Gretchen Albrecht
Sandra Bushby
Fu-On Chung
Rohan Hartley Mills

5 March 2016

Combining emerging artists with established practitioners, Drawing Rehearsals examines the effect of bodily presence, movement, and pigment viscosity in the act of painting through the work of Gretchen Albrecht, Sandra Bushby, Fu-On Chung, and Rohan Hartley Mills. Lines of saturated colour cut across the works, masquerading as segments of wider, larger fields of painted space. Ostensibly united under the umbrella term “gestural abstraction”, the four artists in the current show are further unified by their belief in the centrality of what Bushby has termed “the physical connection… the physicality of my painting practise.” In this, we are reminded of Deleuze and Guttari’s assertion that “there is no structure… there are only relations of movement and rest, speed and slowness between unformed elements, or at least between elements that are relatively unformed, molecules, and particles of all kinds.”

An early work by Albrecht pays homage to the beginnings of gestural abstraction in New Zealand. Throughout the 1970s and 1980s, Albrecht was one of very few artists working on a large scale and in a wholly abstract language of paint, but her mode of painting from the time continues to be topical. In 1986, Linda Gill summarised Albrecht’s approach to painting as involving “a ‘felt response’ to the world.” She added that “good painting” according to Albrecht, involved “the body as well as the mind,” which is born out in her work where “vigorous physical involvement is evident.”

Of course, the recognition of the importance of the physical act to abstract painting is not new, and, as early as 1943, Ad Reinhardt asserted that: “It is more difficult to write or talk about abstract painting than about any other painting because the content is not in a subject matter or story, but in the actual painting activity.” Placing an unequivocal premium on process and materiality, Reinhardt acknowledged that temporal, spatial, and physical facets are integral to abstraction. Indeed, the works in Drawing Rehearsals are uniquely representative of a specific moment, a specific action, and a specific intention on the part of the artist. The paintings are a celebration of boldness, confidence, and resolution. They are not the result of predetermined compositional structures, line weights or colour selections, rather they operate in the same open ended manner as working drawings.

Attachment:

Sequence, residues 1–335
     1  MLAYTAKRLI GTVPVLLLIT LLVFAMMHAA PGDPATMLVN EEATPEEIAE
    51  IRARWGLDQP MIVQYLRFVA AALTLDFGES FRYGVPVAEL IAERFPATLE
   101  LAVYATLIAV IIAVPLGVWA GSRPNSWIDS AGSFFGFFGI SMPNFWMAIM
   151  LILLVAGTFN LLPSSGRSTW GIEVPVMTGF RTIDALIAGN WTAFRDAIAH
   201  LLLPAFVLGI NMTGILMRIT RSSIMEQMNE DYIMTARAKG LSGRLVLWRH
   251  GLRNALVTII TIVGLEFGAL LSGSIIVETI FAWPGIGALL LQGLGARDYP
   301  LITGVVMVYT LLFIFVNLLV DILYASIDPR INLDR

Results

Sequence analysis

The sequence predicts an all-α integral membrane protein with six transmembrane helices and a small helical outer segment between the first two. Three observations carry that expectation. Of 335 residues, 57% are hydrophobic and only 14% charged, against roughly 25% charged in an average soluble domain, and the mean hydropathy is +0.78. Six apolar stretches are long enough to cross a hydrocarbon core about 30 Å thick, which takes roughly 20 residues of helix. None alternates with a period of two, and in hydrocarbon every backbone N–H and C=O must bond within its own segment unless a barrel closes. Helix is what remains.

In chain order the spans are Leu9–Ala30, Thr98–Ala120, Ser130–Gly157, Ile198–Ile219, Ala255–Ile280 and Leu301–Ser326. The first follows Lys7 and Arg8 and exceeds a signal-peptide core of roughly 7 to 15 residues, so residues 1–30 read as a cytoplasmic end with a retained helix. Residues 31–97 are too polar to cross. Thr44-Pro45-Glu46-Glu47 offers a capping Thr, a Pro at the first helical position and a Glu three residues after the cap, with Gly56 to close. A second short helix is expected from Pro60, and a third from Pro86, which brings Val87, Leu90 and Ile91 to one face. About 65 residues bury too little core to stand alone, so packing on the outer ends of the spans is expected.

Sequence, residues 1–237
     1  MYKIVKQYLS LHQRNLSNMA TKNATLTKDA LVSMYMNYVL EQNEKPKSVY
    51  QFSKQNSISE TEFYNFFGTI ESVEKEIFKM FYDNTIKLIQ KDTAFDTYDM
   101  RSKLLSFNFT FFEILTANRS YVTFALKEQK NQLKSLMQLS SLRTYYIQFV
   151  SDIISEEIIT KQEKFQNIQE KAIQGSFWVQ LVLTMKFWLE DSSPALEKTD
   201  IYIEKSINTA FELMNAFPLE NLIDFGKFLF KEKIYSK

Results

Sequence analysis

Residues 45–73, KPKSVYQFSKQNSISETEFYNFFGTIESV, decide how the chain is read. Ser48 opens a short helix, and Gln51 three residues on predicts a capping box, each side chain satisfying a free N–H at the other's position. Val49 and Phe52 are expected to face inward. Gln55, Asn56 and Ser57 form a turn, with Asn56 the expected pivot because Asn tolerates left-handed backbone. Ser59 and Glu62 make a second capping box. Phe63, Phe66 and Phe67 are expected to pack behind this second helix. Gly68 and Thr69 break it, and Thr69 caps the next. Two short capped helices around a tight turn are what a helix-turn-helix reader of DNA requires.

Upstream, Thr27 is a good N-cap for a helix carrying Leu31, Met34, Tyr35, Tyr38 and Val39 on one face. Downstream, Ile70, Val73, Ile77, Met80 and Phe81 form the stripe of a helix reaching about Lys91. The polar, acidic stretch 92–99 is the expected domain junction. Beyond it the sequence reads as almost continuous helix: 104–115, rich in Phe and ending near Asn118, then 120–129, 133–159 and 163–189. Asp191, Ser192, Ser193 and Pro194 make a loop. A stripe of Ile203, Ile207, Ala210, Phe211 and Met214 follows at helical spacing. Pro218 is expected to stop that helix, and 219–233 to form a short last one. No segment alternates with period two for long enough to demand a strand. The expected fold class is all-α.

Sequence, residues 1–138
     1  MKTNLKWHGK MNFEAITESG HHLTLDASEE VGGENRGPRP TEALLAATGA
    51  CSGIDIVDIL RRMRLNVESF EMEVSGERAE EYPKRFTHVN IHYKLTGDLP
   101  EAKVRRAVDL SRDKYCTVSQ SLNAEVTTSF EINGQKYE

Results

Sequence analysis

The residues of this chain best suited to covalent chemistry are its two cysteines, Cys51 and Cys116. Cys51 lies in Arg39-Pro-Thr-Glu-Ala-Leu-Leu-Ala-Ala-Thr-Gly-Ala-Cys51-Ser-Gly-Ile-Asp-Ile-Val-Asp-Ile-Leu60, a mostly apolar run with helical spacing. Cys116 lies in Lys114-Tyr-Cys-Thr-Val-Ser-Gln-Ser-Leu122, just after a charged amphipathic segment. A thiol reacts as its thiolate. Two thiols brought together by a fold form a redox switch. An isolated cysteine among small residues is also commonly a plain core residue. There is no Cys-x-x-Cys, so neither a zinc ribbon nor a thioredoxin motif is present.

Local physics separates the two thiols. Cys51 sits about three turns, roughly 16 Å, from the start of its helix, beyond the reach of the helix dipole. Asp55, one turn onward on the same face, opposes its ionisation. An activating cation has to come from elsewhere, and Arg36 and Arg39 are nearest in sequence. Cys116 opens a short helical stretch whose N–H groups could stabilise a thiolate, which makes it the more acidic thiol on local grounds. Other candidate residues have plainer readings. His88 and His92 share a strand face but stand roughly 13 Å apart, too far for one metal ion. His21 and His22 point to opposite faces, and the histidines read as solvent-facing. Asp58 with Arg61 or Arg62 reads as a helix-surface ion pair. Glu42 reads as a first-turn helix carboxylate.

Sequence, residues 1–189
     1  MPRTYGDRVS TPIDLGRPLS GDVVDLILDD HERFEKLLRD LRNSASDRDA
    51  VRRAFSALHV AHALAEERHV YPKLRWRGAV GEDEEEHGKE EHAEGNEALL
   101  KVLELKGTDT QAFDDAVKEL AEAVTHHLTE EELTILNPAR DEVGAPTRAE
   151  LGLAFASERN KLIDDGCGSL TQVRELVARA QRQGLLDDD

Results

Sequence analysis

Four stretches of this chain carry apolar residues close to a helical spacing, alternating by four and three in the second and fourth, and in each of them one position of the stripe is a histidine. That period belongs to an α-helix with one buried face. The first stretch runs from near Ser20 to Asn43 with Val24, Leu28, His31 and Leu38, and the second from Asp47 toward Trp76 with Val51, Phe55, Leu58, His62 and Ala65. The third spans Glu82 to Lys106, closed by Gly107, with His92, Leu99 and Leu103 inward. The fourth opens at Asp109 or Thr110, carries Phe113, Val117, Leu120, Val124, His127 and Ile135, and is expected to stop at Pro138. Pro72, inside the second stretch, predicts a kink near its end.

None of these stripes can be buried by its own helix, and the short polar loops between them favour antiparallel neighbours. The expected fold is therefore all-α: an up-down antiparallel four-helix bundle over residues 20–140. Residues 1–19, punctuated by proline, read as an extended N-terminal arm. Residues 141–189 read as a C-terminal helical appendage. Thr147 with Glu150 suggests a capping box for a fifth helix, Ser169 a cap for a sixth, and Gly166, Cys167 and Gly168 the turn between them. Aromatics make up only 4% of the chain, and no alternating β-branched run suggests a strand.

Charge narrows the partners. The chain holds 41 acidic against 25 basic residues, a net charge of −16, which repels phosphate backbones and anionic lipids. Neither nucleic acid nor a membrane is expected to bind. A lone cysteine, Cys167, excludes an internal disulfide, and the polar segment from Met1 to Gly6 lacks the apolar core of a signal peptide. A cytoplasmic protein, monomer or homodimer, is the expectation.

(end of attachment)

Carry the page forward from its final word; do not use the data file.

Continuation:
They embrace intuition and spontaneity with Chung noting: “I follow my nose within the pursuit of the image which is elusive by nature.” However, throughout the painting process, each of the four artists are cognizant of having to critically reflect, assess, and evaluate the emerging piece in order for it to succeed. For Hartley Mills however, the critical review of works is carried out “at a later date when the particulars of the working session are forgotten.” In this way he celebrates “the continual flow of ideas” and preserves “the action of automatism.” Nevertheless, like Albrecht, Bushby, and Chung, Hartley Mills’ painting modality still hinges on the developing relationships between the drawn line and colour. It is these two elements that are largely responsible for negotiating the space of the canvas and conjuring sensations, textures, images and memories for both artist and viewer.

Gilles Deleuze and Felix Guttari, A Thousand Plateous: Capitalism and Schizophrenia, trans. Brian Massumi (Minneapolis: University of Minnesota Press, 1987): 266.
Linda Gill, After Nature: Gretchen Albrecht, a Survey 23 years (Wanganui: The Sarjeant Gallery, 1986): 7.
Ad Reinhardt, Art-as-Art: The Selected Writings of Ad Reinhardt, edited by Barbara Rose (New York: Viking Press, 1975): 49.